This data captures behavioral trends across tens of thousands of portfolios and is estimated to capture just over 10% of outstanding fixed income securities globally.
Central banks kept the pedal to the metal at the end of 2022, hiking rates another 19 percentage points and bringing total annual hikes to almost 100 percentage points across developed and emerging markets. Developed central banks were a larger portion of this tightening, as they tried aggressively to catch up after falling far behind the inflation curve. As overall financial tightening accelerated, the global impact of higher rates had a greater impact on financial conditions in the US, eurozone and UK than in smaller economies. And while more economies now face rates that will restrict economic activity, central banks have held to their hawkish message, by either continuing aggressive hikes or surfacing the prospect of higher rates for longer.
The implicit goal of slowing economic growth has raised the spectre of recessions across the globe, with the IMF projecting that one third of countries may see GDP contract, while the US, eurozone, and UK are precariously close to stall speed. As a result, many recession indicators are flashing more brightly, with the curve inversion in the US reaching levels last seen in the 1980s.
Fixed income investors interpreted these developments as growing signs that the tightening cycle would be nearing a conclusion, if for no other reason but to counteract a recession. In response, fixed income rallied into Q4 2022, with investors starting to expect rate cuts this year. Gains for the asset class were fairly wide ranging, as sovereign debt, corporates and emerging market (EM) bonds finally reversed three quarters of losses.
While the risk rally was widespread, investor behaviour showed a preference for relatively safer fixed income assets. Treasury debt was at the top of this list, with overall 60-day flows remaining in the 90th percentile throughout December . From a maturity perspective, real money Treasury investors favoured duration, with the 5-7 year part of the curve showing the greatest strength. Buying safe duration was also apparent in the eurozone, with inflows among the strongest in five years, led by the long end. From a country-specific perspective, buying was led by Bunds and OATs, while BTPs and Bonos lagged with at least neutral activity. Overall corporate bond flows also improved, although investment grade saw a far stronger gain in activity relative to high yield, where flows improved just to neutral. The glaring laggard among our fixed income coverage was EM debt as the risk of recession kept investors closer to domestic markets.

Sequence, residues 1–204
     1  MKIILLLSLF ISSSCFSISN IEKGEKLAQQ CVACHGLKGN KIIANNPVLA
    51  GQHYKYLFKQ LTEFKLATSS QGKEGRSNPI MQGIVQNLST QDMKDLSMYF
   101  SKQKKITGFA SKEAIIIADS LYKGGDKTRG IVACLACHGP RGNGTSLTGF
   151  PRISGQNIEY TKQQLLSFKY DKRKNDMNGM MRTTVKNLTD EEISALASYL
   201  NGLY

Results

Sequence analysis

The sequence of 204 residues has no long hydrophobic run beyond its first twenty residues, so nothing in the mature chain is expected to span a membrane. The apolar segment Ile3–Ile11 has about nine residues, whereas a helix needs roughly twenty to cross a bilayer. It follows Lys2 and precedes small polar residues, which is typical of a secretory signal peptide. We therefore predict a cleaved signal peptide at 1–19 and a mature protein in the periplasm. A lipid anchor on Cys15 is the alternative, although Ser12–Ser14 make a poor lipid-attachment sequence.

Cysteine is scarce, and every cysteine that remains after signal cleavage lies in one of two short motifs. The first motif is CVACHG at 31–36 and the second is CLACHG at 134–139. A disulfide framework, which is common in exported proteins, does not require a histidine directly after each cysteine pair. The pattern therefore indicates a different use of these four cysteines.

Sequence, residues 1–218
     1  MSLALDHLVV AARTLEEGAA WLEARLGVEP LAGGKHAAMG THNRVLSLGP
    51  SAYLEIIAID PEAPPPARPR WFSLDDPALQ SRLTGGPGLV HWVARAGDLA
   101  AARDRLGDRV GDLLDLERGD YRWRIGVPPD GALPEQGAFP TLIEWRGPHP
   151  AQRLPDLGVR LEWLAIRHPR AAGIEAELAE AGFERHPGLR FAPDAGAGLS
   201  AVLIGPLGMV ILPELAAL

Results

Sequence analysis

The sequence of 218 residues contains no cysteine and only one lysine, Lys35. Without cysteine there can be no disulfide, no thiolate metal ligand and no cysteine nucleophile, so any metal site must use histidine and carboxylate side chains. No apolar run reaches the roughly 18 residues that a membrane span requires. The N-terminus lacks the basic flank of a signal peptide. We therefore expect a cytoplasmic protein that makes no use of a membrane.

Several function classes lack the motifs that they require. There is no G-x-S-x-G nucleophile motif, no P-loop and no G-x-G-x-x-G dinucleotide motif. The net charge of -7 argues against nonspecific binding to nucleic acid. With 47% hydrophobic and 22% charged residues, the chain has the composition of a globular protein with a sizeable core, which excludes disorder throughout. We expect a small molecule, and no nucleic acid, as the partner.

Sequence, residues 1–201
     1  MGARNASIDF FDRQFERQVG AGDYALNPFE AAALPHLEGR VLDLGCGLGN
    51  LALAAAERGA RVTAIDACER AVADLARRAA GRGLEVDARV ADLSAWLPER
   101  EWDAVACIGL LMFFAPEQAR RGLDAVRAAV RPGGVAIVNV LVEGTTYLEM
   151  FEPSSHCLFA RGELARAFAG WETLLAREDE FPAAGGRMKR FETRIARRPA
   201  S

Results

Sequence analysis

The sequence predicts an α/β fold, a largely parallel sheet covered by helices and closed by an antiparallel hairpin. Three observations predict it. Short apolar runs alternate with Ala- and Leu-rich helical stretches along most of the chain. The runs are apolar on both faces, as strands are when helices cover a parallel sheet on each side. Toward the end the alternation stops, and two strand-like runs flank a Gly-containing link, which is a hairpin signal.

The Federal Reserve (Fed) continued its aggressive campaign of tightening financial conditions in Q4, with the final two meetings of the year adding 125 basis points (bps) to short-term rates. Despite the Fed’s consistently hawkish policy actions and rhetoric, the market focused on the end of the tightening cycle. So, while acknowledging a higher terminal dot in the year-end Fed forecast, investors nonetheless maintained their view that a 5.125% federal funds rate would be followed by aggressive cuts near the end of 2023.
This aggressive pivot remains priced into expectations despite the Fed essentially stating that no one on the FOMC felt rate cuts would be appropriate in 2023. This outlook created a supportive environment for risk assets in Q4, with both fixed income and equity asset classes posting their strongest quarterly gains of the year. Longer Treasury yields also appear to have reached peak levels, topping out at 4.25% before retracing back toward 3.5% on growing recession fears. The short end nonetheless remained hostage to continued rate hikes, thereby inverting the curve to its most negative levels since the 1980s.
Our investor behaviour data – with 20-day duration weighted Treasury flows in the 85th percentile – shows that real money asset managers continue to anticipate an end to the hiking cycle and a subsequent pivot. In a sign of waning inflation concerns, flows into the Treasury inflation-protected securities (TIPS) market have recently fallen to the 25th percentile, the lowest level of the year.
US Treasuries See Investor Demand While TIPS Lag